18 Stonefish vs Mantis Shrimp: The mantis shrimp can strike powerfully with its claw, but the stonefish is larger and has sharp, venomous spines that can easily puncture the exoskeleton of the crustacean.  The mantis shrimp might be able to fight back even if caught in the stonefish's mouth (which can quickly snap up fish through ambush), but it must avoid being stabbed.  Not sure how this will play out, but most encounters will likely favor the larger stonefish.  Could go either way, though.

19 Stonefish vs Cone Snail: The cone snail is slow-moving, but can fire a harpoon-like weapon to inject toxin into victims.  The stonefish can't use its toxic spines as well offensively (they are primarily used in defense), and the cone snail will likely be able to inject its venom before the stonefish will.  I'd favor the cone snail.

20 Cone Snail vs Mantis Shrimp: The claw of the mantis shrimp can stun or disable the slow-moving cone snail with a good strike (or strikes), but the venomous harpoon-like weapon of the cone snail can kill the shrimp.  This probably depends on which animal gets to use its weapon first.  Probably a 50/50.

21 Ankylosaurus vs Megatherium: These animals can be close in weight.  Ankylosaurus was a heavily-armored dinosaur with a tail club used to swing at attackers.  Megatherium was a giant ground sloth that stood about 4 times as tall as Ankylosaurus' shoulder height.  It also was protected by an armor-like covering under its fur (made of small pieces of bone) that acted somewhat like chain mail armor.  Megatherium also had large claws on its forelimbs that could be swung at opponents.  Ankylosaurus was accustomed to defending itself against large theropods (which were active predators with huge bites), and would have been able to utilize its tail club effectively against the much slower (in comparison to a theropod) Megatherium.  The armored hide of the giant sloth would have helped to deflect the full force of a tail club swing from the Ankylosaurus, but repeated blows would take their toll.  If Megatherium tried to attack the underside of Ankylosaurus with its claws, it would expose its head (now lowered) to a strike from the dinosaur's weapon.  Interesting battle, but the Ankylosaurus was more practiced at dealing with large, formidable adversaries than Megatherium was.  Edge to Ankylosaurus.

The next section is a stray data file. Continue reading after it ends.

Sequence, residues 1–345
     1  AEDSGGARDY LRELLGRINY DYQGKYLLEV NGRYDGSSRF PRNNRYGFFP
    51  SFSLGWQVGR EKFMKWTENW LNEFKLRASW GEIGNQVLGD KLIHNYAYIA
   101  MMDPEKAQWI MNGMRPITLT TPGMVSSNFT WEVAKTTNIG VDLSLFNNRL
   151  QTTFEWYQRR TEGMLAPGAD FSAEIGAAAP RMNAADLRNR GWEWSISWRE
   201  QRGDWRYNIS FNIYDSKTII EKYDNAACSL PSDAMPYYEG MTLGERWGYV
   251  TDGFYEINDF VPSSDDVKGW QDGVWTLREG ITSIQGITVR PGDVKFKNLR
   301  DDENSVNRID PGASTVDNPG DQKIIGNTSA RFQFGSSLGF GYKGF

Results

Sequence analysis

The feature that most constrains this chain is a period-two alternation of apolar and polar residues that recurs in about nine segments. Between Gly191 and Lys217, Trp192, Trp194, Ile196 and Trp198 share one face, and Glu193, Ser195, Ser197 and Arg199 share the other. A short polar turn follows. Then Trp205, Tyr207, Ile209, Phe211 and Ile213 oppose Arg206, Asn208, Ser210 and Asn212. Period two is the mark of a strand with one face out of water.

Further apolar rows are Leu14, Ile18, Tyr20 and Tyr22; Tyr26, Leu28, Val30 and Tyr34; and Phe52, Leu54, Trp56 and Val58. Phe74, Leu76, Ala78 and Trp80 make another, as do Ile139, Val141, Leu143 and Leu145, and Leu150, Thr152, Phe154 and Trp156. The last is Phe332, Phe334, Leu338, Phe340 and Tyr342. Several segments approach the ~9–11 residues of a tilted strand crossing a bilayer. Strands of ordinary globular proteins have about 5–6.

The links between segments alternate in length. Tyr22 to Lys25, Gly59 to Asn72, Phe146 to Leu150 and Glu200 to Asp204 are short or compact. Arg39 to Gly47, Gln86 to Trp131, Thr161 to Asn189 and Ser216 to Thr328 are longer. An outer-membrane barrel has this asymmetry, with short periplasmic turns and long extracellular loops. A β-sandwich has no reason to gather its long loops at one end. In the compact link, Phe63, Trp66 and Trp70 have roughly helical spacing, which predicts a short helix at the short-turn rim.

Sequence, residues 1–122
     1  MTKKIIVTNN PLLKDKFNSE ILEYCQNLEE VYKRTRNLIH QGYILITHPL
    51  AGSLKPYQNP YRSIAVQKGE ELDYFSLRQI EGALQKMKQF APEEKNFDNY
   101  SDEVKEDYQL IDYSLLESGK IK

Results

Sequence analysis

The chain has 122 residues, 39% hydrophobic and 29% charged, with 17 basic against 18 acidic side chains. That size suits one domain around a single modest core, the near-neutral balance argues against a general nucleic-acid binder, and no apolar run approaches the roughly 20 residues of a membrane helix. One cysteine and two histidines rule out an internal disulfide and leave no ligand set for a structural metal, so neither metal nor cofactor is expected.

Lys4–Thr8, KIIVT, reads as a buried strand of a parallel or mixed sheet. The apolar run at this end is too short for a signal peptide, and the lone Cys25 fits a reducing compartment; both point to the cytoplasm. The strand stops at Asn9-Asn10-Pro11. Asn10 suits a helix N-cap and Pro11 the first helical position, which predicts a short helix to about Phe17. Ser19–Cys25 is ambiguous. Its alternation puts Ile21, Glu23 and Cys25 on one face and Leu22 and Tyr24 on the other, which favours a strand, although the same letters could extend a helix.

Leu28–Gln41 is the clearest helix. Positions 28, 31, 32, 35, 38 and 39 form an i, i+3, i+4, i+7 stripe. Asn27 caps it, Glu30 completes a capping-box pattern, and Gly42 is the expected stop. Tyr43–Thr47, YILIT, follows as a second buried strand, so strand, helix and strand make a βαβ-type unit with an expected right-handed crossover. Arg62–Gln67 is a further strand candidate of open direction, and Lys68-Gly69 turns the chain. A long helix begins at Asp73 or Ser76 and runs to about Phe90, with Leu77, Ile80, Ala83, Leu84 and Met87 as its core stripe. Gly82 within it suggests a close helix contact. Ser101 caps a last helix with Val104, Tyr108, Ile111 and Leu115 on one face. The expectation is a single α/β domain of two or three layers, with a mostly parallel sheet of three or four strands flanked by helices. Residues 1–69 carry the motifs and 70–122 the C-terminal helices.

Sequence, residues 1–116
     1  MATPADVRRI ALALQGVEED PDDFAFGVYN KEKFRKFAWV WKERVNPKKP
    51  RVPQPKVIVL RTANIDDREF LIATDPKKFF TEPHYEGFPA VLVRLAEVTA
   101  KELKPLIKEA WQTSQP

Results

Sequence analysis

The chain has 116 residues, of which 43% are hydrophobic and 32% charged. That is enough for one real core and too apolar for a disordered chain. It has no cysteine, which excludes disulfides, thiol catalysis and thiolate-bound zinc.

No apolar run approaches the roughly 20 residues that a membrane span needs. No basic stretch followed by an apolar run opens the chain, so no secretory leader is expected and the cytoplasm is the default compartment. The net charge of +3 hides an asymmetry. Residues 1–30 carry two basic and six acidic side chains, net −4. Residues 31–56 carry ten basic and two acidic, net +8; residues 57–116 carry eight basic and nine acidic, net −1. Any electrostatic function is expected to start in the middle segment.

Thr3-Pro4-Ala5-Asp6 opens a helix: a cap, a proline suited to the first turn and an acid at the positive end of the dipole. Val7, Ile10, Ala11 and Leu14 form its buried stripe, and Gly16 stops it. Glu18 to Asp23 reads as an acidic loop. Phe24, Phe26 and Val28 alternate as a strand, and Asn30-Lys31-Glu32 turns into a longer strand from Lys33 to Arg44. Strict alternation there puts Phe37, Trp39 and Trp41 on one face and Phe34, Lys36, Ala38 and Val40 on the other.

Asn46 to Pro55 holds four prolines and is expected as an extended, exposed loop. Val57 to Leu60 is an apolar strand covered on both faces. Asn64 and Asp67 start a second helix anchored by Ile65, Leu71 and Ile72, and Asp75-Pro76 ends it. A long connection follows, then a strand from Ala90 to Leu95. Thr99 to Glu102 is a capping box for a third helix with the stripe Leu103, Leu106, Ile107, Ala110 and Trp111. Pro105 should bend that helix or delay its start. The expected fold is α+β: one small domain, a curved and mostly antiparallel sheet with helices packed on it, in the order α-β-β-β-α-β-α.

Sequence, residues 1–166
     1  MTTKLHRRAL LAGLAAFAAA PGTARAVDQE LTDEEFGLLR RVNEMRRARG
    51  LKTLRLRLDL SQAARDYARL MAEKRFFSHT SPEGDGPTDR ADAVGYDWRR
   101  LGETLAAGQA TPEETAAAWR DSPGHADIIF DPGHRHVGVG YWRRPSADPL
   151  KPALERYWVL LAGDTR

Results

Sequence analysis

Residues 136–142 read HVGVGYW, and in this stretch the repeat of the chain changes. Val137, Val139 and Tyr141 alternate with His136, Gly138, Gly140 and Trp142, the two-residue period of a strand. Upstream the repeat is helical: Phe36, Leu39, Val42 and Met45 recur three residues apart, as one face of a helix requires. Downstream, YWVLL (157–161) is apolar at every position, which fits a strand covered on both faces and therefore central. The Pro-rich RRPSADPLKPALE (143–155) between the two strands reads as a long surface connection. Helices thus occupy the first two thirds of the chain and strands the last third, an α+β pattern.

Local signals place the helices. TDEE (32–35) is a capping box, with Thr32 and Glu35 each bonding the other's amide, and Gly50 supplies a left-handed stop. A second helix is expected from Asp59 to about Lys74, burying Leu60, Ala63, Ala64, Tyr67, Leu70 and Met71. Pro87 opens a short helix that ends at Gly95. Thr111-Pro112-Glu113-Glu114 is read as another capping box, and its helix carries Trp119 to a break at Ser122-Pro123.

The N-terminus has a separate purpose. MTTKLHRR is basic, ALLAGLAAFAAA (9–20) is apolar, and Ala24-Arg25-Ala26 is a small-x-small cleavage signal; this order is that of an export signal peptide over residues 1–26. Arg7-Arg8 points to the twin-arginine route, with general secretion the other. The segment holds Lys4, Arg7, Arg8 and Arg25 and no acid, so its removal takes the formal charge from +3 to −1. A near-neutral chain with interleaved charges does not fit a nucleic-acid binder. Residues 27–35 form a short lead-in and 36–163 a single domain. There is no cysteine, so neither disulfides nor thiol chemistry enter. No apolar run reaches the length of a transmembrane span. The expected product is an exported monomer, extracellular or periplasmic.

22 Pachycephalosaurus vs Megatherium: Megatherium weighed about 8 or 9 times as much as Pachycephalosaurus.  Pachycephalosaurus had a thick dome of bone on its skull close to 10" thick (more than the width of a regulation basketball), and it may have used this to headbutt rivals & enemies (much like the bighorn sheep does today).  Megatherium's great size & tough hide would have made it relatively safe from Pachycephalosaurus' offense, and the giant sloth could have easily injured the dinosaur with a few swipes from its huge forelimbs.  These 2 would have likely coexisted peacefully if they lived at the same time, but a battle between the 2 would certainly favor Megatherium.

23 Zebra vs Gorilla: The zebra will be about double the gorilla's weight.  The zebra's kicks can cause quick injury to the gorilla (and zebra bite as well).  A gorilla will not know how to overcome a zebra.  It doesn't have claws to grip onto it, and doesn't know how to apply its physical attributes (strength, long arms) in regards to taking down a zebra.  An angry zebra will send the gorilla packing.

24 Giant Eland vs Gorilla: The giant eland will weigh over 4 times as much as the gorilla.  Gorillas are physically impressive primates, but they don't have the weaponry or predatory know-how to tackle an eland.  Elands are strong, athletic antelopes (can easily jump a fence as tall as their own shoulder height), and can defend themselves with their long, spiraled horns.  A giant eland would simply ram the gorilla into a retreat.  Giant eland wins.

25 Gorilla vs Tapir: There are several types of tapirs; some are slightly heavier than a gorilla and some are twice its weight.  Gorillas are strong primates with long, powerful arms & decent bites, but they aren't accustomed to battling other types of animals.  What they look like they can do and what they actually can do are 2 different things.  Tapirs have nasty bites, but usually try to flee from predators.  A gorilla might succeed in intimidating a tapir into a retreat, but will have difficulty prevailing in an actual battle with one.  Tapir wins.

* I couldn't provide a lot of detail on some answers due to the length of the question, but if you need more detail on a particular matchup, just follow-up and I'll see what I can do! *

Best regards.  

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Questions regarding animal conflicts within realistic or unrealistic settings are welcome; my strength lies in medium-to-large species. Small animals (including birds of prey), prehistoric animals, sea creatures, and domestic dog breeds are usually within my scope, but to a lesser degree. I can't confidently answer hypothetical questions about human vs animal, arachnids, insects, or amphibians, but I am willing to field them nonetheless.


From a young age, I have been interested in animals. Starting with the original Mutual of Omaha's Wild Kingdom and World Book Encyclopedias, I have seen many animal shows and documentaries and have read multiple books on the subject. I have a solid understanding of the physiology of many animals and interspecies conflict in general.

Associate degree in unrelated field; biology classes in college.